“Flat, then hilly, then flat” – Pioneer Stage Race Day 4

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All Photos: Duncan Pilpott

“That’s probably the toughest climb I’ve done in years,” was Kris Sneddon’s summation of the 111km Day 4 of the Pioneer Stage Race. Hump day brought racers on a scenic, sun-blasted route from Lake Tekapo to Lake Ohau, with a fast, flat 60km intro, contrasted by a massive wall of a climb up and over the Ben Ohau mountains. The Kona duo of Cory Wallace and Spencer Paxson once again sprinted to the line with overall leaders Cooper and McConnell, with ultra-endurance specialist Wallace out-sprinting all of the World Cuppers to the line. Meanwhile, Wicks and Sneddon brought up 3rd on the day.

NZ_Pioneer_wednesday-9874Although Day 4 began innocently with 60km of flat terrain and gorgeous views of the Southern Alps, the sole climb of the day may have been the hardest of the race. Fully exposed to the harsh New Zealand sun, with an unrelenting grade wavering between 15-20%, the mighty Ben Ohau grade rose over 800m in about 10km. Wallace and Paxson were committed to reloading their water supply at the feed zone 2 at the base of the climb while McConnell and Cooper trundled on. A slow motion battle ensued up the rest of the climb as the Kona boys gave chase. Wicks and Sneddon settled into a conservative pace over the climb, but Wallace and Paxson plugged their way over the top and caught McConnell and Cooper at the base of the face melting descent.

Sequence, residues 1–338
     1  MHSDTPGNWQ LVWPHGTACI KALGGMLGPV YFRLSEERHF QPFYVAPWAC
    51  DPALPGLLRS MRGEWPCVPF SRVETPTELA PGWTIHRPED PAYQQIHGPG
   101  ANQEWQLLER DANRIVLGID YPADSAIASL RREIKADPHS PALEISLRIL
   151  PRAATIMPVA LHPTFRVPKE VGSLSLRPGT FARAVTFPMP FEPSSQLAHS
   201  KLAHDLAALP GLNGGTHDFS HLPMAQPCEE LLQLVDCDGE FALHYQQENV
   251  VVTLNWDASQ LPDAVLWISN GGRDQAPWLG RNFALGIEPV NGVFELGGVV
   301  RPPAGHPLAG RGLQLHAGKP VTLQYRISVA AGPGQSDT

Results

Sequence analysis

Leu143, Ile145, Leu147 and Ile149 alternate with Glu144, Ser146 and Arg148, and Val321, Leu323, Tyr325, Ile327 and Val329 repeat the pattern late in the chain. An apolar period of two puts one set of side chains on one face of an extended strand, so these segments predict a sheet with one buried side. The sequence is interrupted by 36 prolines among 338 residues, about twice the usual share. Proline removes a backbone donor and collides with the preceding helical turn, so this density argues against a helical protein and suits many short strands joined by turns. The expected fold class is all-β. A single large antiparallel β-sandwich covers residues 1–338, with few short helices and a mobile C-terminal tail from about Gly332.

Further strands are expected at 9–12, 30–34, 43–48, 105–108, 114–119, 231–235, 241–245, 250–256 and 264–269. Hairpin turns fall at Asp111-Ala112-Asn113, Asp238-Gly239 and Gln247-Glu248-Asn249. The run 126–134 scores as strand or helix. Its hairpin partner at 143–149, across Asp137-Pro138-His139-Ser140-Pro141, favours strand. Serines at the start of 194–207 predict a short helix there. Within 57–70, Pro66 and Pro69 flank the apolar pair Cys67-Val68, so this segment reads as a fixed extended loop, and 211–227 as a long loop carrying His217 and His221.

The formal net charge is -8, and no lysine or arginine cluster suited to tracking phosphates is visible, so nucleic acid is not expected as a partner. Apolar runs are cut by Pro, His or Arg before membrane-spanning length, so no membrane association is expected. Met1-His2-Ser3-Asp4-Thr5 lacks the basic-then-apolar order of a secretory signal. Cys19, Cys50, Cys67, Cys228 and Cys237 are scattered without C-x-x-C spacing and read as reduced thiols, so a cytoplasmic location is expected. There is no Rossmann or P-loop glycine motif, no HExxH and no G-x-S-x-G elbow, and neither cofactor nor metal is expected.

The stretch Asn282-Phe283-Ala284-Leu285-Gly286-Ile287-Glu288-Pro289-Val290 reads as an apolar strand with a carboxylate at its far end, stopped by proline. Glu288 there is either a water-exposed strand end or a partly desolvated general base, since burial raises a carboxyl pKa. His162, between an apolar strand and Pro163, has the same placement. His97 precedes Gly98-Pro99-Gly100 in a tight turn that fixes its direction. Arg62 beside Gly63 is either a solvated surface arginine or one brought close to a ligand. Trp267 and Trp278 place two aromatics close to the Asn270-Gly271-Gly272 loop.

NZ_Pioneer_wednesday-9909“Our plan was to keep things together today and be more aggressive in the closing kilometers,” described Paxson, “the climb was gnarly and we thought we had lost the leaders after the feed zone stop, but kept them in sight up the climb and I think went just fast enough to to keep the radiators from boiling over.” Paxson and Wallace’s consistency has delivered them back to second overall, with Wicks and Sneddon in third. “Dan and Anton still have a massive lead…not really touchable unless they experience some bad luck, but I think tomorrow could be a slow motion battle royale anyway since it’s a mega day,” added Wallace.

NZ_Pioneer_wednesday-9905Day 5 will certainly be momentous in any event, as it is the longest, most vertically challenging day of the race, coming after 4 days of punishing riding. Racers will climb over 3,500m and 112km from Lake Ohau to Hawea, an estimated 6-plus-hour effort for the race leaders alone, assuming it’s a smooth day. The Kona boys will be flying the flag up and down the giant Kiwi mountains tomorrow. Be sure to check back on the COG and on the Pioneer Stage Race website for how it unfolds.NZ_Pioneer_wednesday-9919NZ_Pioneer_wednesday-07921NZ_Pioneer_wednesday-07947